Prompted by EU, Libya quietly claims right to order rescuers to return fleeing migrants

Prompted by EU, Libya quietly claims right to order rescuers to return fleeing migrants
Copyright REUTERS/Hani Amara
Copyright REUTERS/Hani Amara
By Alice Cuddy
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NGOs say the 'secretive' change, backed by the European Union, puts lives at risk.


Libya — with the backing of the European Union — has officially taken ownership of a large area of the sea migrant route into Europe for search and rescue operations, in a move that critics say will block asylum seekers from reaching safety.

Euronews has learned that the Libyan government quietly submitted details of its new maritime search and rescue region to the International Maritime Organization (IMO), the UN agency responsible for regulating shipping, last week.

Libya's new search and rescue zoneIMO

Prior to the change, there was no official search and rescue zone in the area, with the coordination of responses to migrant crises there typically falling to Italy. This means that rescue ships operating in the area around Libya, where many of the rescues take place, can now be ordered to return shipwrecked migrants back to the country they just fled.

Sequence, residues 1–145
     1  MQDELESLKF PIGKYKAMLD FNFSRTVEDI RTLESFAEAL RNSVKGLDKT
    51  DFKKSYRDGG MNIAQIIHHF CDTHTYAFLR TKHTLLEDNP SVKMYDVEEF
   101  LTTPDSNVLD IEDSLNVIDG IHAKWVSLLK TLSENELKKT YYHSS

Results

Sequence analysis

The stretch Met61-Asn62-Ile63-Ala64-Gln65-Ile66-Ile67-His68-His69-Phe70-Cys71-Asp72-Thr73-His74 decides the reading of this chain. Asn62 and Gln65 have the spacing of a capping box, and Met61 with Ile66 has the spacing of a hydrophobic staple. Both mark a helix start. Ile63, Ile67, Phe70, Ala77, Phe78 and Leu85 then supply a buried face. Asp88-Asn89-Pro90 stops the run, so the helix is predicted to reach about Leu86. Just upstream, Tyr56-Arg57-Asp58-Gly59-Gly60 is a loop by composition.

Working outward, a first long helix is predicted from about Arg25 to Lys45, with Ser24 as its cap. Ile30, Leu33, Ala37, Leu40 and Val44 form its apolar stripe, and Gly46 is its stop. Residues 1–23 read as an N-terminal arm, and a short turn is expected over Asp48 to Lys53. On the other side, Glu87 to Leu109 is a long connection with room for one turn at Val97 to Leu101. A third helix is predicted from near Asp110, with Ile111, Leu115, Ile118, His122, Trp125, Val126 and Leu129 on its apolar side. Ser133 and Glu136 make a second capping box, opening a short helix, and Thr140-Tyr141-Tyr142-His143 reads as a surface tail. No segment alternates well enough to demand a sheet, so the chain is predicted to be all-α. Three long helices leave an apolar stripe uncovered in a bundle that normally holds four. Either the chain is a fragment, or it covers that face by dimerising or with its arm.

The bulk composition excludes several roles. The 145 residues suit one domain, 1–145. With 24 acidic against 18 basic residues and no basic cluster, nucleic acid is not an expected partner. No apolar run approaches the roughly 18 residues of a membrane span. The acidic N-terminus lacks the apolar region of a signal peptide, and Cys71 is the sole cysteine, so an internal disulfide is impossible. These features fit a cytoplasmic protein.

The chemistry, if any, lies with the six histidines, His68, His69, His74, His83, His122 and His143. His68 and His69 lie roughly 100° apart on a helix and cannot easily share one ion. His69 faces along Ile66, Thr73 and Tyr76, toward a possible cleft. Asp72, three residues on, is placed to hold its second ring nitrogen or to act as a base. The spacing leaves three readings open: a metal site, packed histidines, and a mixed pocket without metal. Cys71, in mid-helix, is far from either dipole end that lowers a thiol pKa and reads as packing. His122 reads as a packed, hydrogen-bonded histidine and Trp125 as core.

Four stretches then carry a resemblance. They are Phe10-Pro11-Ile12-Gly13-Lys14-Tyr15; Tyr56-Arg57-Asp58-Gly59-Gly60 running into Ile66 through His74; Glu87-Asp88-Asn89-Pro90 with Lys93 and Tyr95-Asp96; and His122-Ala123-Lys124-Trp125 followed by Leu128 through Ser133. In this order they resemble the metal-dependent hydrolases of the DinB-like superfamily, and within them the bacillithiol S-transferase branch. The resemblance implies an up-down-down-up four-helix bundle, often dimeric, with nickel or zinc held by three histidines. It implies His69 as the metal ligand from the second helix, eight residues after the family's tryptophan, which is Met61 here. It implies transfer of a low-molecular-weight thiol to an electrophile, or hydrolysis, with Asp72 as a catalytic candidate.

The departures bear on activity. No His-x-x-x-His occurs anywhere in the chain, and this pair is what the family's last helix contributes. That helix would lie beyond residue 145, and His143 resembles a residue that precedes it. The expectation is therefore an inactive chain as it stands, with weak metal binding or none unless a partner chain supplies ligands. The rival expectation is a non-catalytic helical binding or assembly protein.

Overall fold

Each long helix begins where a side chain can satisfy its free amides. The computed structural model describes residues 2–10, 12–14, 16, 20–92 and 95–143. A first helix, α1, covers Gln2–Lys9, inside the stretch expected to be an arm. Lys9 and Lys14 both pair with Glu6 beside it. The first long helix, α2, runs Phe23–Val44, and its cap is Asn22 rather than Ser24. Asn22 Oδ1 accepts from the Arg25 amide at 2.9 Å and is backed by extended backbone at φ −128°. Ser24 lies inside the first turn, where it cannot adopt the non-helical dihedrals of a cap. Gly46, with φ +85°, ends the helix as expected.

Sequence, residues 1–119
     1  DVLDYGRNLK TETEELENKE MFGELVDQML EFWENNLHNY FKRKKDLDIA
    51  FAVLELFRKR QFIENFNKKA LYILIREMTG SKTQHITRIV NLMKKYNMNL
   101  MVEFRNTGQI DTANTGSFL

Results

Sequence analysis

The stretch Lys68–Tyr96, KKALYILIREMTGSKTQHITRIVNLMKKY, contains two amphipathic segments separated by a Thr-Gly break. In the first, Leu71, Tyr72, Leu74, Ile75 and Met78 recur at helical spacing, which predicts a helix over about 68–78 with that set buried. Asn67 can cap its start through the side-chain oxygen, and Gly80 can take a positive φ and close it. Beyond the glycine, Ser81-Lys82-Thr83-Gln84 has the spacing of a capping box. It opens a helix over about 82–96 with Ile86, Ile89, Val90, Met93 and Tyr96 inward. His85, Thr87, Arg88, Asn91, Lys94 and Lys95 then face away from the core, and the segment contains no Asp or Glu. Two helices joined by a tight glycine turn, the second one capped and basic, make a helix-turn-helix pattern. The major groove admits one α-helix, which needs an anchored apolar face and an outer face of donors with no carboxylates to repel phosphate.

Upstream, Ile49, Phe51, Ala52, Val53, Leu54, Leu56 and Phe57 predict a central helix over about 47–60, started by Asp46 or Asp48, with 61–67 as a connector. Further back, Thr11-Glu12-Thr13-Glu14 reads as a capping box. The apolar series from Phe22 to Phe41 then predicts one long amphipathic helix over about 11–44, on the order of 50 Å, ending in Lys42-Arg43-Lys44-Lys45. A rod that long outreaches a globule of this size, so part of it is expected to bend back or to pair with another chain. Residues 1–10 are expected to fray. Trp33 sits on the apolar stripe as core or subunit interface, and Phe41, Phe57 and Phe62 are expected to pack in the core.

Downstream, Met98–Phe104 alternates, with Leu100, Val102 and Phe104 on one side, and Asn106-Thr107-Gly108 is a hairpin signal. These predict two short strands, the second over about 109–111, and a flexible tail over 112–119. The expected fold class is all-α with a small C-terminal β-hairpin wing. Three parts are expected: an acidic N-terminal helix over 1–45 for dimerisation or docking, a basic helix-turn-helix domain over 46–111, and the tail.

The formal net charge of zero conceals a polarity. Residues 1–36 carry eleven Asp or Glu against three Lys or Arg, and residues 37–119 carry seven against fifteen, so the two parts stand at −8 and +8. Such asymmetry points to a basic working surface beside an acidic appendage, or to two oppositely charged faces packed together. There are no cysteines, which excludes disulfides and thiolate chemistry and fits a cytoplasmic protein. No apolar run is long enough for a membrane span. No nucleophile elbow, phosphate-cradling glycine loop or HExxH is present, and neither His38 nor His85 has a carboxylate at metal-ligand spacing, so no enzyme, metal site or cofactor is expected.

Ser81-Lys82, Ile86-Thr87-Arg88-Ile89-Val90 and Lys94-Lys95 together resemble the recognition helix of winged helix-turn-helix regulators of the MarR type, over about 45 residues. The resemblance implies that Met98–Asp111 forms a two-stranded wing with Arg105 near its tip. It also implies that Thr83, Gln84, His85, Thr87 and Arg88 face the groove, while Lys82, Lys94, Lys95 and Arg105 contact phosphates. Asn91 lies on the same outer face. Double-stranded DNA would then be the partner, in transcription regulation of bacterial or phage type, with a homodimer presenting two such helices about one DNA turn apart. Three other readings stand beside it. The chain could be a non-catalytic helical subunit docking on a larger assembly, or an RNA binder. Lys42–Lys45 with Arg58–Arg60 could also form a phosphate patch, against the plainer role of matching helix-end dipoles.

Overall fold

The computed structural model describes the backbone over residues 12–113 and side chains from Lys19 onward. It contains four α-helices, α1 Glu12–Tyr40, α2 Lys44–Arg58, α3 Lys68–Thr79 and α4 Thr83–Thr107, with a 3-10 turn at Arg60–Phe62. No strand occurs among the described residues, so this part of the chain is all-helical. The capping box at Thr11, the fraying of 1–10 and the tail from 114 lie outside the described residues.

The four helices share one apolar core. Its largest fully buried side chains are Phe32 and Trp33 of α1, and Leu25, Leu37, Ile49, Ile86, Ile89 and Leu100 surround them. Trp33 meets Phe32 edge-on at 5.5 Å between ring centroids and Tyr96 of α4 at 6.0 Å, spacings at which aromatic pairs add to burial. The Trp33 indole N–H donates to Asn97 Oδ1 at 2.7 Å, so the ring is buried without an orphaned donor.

EU under pressure

The EU has been under intense pressure — particularly from Italy and Hungary — to clamp down on the number of migrants seeking refuge and travelling through member states.

Last week a high-stakes migrant summit was held in Brussels, where EU leaders managed to strike a last-minute deal after lengthy discussions. It was during this week, but separately, that Libya formally submitted the new zones to the IMO.

NGOs working to rescue migrants at sea said to Euronews that there was a lack of transparency over Libya’s new powers, and stressed that the threat it posed to the safety of migrants could not be overstated.

‘No route to safety’

The Italian Coast Guard was asked by the European Commission in 2016 to support Libyan authorities in identifying and declaring a Search and Rescue Region.

Within the newly declared region, which is not connected to maritime borders, Libya is now responsible for responding to distress signals and coordinating rescue efforts, including ensuring that migrants are able to reach a place of safety.

However, migrant rescue groups fear that this will no longer be possible.

SOS Méditerranée said it no longer feels confident it can do its work in a “safe and legal way”. Their vessel, the Aquarius, has been central to growing debates in Europe after it was left at sea with hundreds of migrants on board for more than a week with no countries willing to let it dock.

“Libya has no ports of safety,” said SOS Méditerranée press officer Laura Garel.

She said the new zone would lead to commands at odds with international laws.

“If rescue ships are being instructed by the Libyan Coordination Centre to come back to Libya this will be completely contrary to the maritime conventions...There is the law on one side and the policies in place which are in contradiction,” she explained.

“These people will be brought back to suffering and soon as they get detected, they will be detained.”

German charity Sea Watch agreed.

“There’s high concerns about the so-called Libyan search and rescue zone,” spokesperson Ruben Neugebauer told Euronews.